34 7. Students violating these rules will be subject to discipline, which may include: a. Not being allowed to bring electronic devices to school; b. Sanctions ranging from detention to expulsion from school depending upon the nature of the offense and the student’s disciplinary record. Evidence of illegal activities involving electronic devices will be referred to appropriate law enforcement authorities and a building administrator may give a device to law enforcement authorities upon proper written request (subpoena/search warrant).


MEDIA PUBLISHING PERMISSION Lincoln Academy maintains web sites and other media outlets, and provides information about school events, student achievement, and extracurricular activities on these outlets. We endeavor to maintain personal privacy where possible, and we do not identify students unless we have parent permission to use the student's entire name, such as when an award is presented. (Photos and rosters of school groups or teams may include full names and/or uniform numbers.) Lincoln Academy may publish the following: ● Groups and/or individual photographs of students ● Individual student or class work that may include creative writing, presentations, artwork, or performances. If you would like to restrict information and/or published media, please let us know at

In order to prevent trip and fall injuries, all book­bags and backpacks must be kept off the floor at all times. It is recommended to keep them in the lockers, so size them accordingly. Book­bags that are found on the floor will be collected and turned in to the Office. Students who repeatedly violate this request will be subject to disciplinary measures.

Bomb Threats
The Board of Trustees strongly disapproves of any person who seriously disrupts the educational process. Particularly reprehensible is making a threat that a bomb has been placed in a school building, vehicle or on the grounds. In the event of a bomb threat, the following guidelines will be followed: 1. The person receiving the threat will immediately notify the Head of School or designee. 2. Students and staff will evacuate the building (vehicle or grounds) according to a plan designed by the Head/designee. 3. Fire and police officials will be notified of the threat. 4. The building and/or premises (vehicle, grounds) will be searched under the direction of a designated fire or police official in conjunction with designated school personnel. 5. If a thorough search has been conducted and nothing found, the feasibility of returning students and personnel to the building will be evaluated by a designated fire or police official, subject to final approval by the Head/designee. 6. Students who leave school (the vehicle or grounds) during the evacuation without permission will be subject to discipline. 7. Investigation of the bomb threat will be made by school officials, local police and fire departments in cooperation with other agencies. 8. Time lost to bomb scares shall be made up by the students in accordance with a plan developed by the Administration. 9. Making a bomb threat is considered a Serious Disciplinary Offense and will be adjudicated according to school policy. Threatening Behavior A student will be considered to be a threat to the school if they demonstrate in either a physical or verbal manner a behavior that represents a danger to self or others. When a student demonstrates such behavior, administration will follow these procedures: 1. Administration will investigate threat or dangerous behavior, utilizing any appropriate school personnel. For evaluation while the student is at school, administration may use the Mobile Crisis Unit, if available. Parents will be notified as soon as possible. 2. If necessary, the student will be removed from the school setting. Parents may be requested to remove student from school, or student may be transported to an Emergency Room. 3. Administration will review the results of the investigation and implement a consequence consistent with existing school procedure. If the dangerous behavior merits crisis center placement or other outside­of­school hospitalization, administration will support such a recommendation. 4. In the event of outside­of­school placement and/or hospitalization, a student’s re­entry to Lincoln Academy’s academic setting must be approved by qualified medical personnel and Lincoln Academy administration. A return to school must also be accompanied by a Health Plan including but not limited to, outside counseling, in­house counseling, additional (psychiatric) evaluation, and/or a modified schedule.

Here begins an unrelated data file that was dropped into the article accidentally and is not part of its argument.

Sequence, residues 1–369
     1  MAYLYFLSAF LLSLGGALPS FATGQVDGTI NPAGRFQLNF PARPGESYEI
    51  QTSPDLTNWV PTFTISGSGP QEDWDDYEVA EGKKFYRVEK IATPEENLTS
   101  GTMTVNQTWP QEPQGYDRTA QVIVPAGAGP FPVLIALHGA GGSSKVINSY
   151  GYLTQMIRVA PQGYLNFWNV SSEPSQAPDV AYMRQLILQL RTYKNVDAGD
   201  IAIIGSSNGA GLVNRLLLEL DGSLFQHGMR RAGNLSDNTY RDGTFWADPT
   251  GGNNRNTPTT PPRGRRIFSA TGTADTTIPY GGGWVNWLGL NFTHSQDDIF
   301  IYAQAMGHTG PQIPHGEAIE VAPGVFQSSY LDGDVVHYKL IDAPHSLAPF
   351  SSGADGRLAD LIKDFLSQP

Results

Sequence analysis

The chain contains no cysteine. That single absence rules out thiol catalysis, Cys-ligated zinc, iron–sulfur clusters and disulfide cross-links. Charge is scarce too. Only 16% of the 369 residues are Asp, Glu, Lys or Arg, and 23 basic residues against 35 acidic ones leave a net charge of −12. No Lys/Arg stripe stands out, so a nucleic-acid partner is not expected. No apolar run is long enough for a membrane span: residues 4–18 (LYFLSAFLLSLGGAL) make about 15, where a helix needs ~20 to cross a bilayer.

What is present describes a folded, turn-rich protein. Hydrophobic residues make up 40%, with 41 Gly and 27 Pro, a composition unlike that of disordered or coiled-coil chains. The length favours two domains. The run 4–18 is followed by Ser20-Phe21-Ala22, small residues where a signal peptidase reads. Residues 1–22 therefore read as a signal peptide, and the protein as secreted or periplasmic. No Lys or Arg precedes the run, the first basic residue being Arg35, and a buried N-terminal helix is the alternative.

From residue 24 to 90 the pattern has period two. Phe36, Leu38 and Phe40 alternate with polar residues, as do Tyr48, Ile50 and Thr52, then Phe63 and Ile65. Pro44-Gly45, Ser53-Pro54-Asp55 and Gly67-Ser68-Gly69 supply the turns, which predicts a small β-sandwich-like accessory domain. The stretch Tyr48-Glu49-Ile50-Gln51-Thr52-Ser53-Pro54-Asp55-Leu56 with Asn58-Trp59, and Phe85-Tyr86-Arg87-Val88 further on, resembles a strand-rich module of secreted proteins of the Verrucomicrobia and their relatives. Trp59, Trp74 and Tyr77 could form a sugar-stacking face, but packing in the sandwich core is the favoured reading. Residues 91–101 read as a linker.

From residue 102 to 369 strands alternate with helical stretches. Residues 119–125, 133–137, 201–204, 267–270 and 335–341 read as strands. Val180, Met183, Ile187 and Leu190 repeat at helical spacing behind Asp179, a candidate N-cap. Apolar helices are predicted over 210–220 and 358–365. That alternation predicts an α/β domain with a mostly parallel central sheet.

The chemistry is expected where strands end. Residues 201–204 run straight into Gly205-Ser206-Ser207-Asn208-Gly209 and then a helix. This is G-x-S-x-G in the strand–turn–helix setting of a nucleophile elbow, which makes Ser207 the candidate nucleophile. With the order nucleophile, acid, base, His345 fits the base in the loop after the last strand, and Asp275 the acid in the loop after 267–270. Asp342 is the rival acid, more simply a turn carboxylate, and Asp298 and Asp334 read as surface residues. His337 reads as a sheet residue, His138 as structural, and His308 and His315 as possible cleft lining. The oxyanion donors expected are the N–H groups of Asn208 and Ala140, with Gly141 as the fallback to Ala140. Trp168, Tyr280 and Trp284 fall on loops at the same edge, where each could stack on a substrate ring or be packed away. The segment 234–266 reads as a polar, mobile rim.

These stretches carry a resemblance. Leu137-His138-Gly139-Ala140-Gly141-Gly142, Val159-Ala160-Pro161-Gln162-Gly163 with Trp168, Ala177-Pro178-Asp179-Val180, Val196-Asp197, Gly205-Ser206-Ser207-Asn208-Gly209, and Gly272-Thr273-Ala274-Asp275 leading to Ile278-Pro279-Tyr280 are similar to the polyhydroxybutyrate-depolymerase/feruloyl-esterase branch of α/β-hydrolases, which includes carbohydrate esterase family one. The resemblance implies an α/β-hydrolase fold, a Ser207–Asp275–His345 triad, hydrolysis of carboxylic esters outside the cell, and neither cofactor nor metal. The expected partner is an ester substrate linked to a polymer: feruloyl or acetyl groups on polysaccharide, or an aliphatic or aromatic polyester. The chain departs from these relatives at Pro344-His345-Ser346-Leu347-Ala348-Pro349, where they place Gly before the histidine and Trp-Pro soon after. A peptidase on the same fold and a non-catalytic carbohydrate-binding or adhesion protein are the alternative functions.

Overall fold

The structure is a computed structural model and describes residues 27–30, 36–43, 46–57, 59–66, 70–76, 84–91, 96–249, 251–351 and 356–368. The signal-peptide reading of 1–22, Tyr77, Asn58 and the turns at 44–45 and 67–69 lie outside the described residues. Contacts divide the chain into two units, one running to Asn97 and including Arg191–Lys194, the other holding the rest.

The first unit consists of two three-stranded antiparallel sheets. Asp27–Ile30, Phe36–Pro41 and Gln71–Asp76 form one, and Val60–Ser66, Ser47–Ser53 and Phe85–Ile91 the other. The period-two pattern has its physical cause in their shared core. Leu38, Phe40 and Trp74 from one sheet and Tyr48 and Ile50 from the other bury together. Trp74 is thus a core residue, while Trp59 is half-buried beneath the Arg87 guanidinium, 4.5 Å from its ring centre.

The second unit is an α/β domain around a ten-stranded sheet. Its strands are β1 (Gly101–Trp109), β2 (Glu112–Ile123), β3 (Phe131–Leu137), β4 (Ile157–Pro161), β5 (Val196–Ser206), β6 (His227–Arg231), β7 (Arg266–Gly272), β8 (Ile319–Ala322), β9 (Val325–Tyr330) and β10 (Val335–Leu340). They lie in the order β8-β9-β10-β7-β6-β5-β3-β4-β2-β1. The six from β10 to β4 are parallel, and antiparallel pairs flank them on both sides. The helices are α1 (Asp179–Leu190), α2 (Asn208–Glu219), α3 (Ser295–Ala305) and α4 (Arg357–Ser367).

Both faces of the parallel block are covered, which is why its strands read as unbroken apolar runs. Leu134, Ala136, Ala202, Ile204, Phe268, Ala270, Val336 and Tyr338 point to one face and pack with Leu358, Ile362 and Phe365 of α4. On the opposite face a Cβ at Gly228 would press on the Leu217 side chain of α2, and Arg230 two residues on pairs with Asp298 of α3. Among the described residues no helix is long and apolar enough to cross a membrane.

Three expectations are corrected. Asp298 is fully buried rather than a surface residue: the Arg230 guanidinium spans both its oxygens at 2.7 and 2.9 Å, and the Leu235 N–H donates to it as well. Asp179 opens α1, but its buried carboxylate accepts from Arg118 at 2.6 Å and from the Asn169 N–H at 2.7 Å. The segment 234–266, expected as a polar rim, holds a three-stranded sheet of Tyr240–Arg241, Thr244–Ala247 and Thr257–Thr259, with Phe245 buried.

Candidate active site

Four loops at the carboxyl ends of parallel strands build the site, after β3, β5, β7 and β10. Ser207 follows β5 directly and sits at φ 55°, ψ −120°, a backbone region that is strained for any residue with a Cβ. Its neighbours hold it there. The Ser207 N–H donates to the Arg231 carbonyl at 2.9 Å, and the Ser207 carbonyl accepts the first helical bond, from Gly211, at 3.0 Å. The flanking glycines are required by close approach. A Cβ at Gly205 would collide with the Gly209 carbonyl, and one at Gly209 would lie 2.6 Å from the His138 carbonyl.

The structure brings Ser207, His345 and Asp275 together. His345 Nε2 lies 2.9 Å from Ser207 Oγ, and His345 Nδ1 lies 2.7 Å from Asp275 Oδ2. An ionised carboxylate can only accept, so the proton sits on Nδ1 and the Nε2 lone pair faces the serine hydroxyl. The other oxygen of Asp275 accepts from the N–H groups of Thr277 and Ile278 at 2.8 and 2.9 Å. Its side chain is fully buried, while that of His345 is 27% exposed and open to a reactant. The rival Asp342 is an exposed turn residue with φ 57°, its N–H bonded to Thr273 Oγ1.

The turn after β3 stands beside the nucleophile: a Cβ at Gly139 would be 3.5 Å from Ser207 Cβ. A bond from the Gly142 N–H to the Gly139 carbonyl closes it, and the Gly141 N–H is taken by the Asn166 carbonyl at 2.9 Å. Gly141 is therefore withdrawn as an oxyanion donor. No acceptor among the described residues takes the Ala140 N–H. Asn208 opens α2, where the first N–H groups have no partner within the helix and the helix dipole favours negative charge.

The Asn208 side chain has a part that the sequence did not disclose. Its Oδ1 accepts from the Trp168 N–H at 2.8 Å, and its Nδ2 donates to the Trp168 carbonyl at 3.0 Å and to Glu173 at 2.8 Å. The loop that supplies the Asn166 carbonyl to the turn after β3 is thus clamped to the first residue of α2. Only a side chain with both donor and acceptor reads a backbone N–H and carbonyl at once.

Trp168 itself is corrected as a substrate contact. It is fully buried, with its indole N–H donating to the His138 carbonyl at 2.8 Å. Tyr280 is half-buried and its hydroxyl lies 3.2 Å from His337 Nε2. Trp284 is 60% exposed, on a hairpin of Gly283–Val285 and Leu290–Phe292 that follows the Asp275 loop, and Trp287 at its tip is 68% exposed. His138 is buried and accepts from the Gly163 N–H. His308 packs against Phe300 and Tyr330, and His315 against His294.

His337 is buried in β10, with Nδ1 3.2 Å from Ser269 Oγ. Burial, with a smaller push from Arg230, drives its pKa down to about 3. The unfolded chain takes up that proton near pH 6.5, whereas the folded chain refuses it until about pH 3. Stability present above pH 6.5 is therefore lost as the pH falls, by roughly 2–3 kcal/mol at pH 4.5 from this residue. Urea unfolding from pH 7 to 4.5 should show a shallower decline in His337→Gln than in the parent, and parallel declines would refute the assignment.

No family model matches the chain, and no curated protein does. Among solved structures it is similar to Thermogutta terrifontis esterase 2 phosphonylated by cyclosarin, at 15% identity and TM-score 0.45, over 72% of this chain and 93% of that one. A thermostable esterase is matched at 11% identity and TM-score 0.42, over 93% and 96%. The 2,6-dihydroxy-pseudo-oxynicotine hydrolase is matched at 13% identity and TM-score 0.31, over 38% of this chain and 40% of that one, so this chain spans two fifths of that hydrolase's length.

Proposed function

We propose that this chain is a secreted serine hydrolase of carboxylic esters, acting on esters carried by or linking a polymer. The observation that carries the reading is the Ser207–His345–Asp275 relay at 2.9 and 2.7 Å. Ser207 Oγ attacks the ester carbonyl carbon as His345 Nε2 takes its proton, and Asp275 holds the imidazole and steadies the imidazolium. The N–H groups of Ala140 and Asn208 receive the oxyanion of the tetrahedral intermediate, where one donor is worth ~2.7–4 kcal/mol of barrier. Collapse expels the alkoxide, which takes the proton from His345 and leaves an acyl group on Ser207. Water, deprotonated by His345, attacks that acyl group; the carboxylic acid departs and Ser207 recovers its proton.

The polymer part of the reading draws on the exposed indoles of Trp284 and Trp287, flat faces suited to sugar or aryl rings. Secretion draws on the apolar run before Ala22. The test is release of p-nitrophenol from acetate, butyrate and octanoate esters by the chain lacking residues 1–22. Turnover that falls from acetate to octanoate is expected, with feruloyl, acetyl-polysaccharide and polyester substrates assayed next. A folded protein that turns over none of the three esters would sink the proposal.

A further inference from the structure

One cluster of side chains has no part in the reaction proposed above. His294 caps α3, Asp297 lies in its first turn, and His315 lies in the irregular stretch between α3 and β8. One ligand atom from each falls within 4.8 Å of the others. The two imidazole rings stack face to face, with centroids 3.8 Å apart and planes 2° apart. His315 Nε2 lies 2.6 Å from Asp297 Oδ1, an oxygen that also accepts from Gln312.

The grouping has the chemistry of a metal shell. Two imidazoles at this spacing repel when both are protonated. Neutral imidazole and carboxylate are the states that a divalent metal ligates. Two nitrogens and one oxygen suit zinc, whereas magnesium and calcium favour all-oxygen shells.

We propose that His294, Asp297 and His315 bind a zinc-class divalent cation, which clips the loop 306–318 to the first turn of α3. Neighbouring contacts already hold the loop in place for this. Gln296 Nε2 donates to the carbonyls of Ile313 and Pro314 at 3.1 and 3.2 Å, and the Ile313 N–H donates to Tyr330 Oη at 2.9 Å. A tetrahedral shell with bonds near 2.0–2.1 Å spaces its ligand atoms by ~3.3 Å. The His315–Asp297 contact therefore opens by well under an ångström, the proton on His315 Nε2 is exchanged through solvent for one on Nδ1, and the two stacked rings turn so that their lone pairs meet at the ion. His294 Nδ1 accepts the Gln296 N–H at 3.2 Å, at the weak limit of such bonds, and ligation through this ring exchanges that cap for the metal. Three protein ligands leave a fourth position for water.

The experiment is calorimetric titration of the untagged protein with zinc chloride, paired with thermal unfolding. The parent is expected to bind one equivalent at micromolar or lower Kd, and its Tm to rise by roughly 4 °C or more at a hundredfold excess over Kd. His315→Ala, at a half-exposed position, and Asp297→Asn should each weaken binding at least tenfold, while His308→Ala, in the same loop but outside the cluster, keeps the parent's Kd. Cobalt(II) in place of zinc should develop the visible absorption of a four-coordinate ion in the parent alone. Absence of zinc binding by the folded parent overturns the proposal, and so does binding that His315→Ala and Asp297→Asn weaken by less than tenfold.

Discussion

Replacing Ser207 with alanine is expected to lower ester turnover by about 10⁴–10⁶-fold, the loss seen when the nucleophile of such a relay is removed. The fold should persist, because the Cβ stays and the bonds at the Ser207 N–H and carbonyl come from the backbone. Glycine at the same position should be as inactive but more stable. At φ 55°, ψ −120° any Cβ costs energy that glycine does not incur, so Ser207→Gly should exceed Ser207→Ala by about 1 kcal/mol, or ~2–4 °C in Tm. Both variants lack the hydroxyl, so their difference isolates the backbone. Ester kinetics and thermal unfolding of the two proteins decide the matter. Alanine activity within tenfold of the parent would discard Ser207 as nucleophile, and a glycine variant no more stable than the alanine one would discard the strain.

Skateboarding and Rollerblading (including in­shoe “Wheelies”) are not allowed on any property owned by Lincoln Academy. This includes weekends, holidays, and summertime as well as school hours.


Each student will be assigned a locker. Lockers must be kept clean and should be left closed. Students should not leave money and other valuables in lockers. Students should not use or open lockers not assigned to them. Lockers are the property of Lincoln Academy and are subject to inspection.

It is recommended that all students lock up their books and other personal belongings in their lockers. Locks will be placed on all lockers, and may be “rented” for a refundable fee of $5.00. NO OTHER LOCKS WILL BE ALLOWED.

Lunch Period
Students are expected to be quiet and orderly in the Dining Commons and to clean tables or other areas where they are eating by picking up all litter before leaving. In good weather students may eat outside.

Money­Raising Projects
All such projects must have prior approval through the Associate Head for Advancement.

No School Announcements
School cancellations are broadcast as early as possible on these stations: RADIO: WGAN 560 FM; WMGZ 93.1 FM; WYNZ 100.9 FM; WPOR 101.9 FM TELEVISION: WCSH – (Channel 6); WMTW – (Channel 8); WGME – (Channel 13) The decision to cancel school is at the discretion of the Head of School. Lincoln Academy must be mentioned specifically in the broadcast.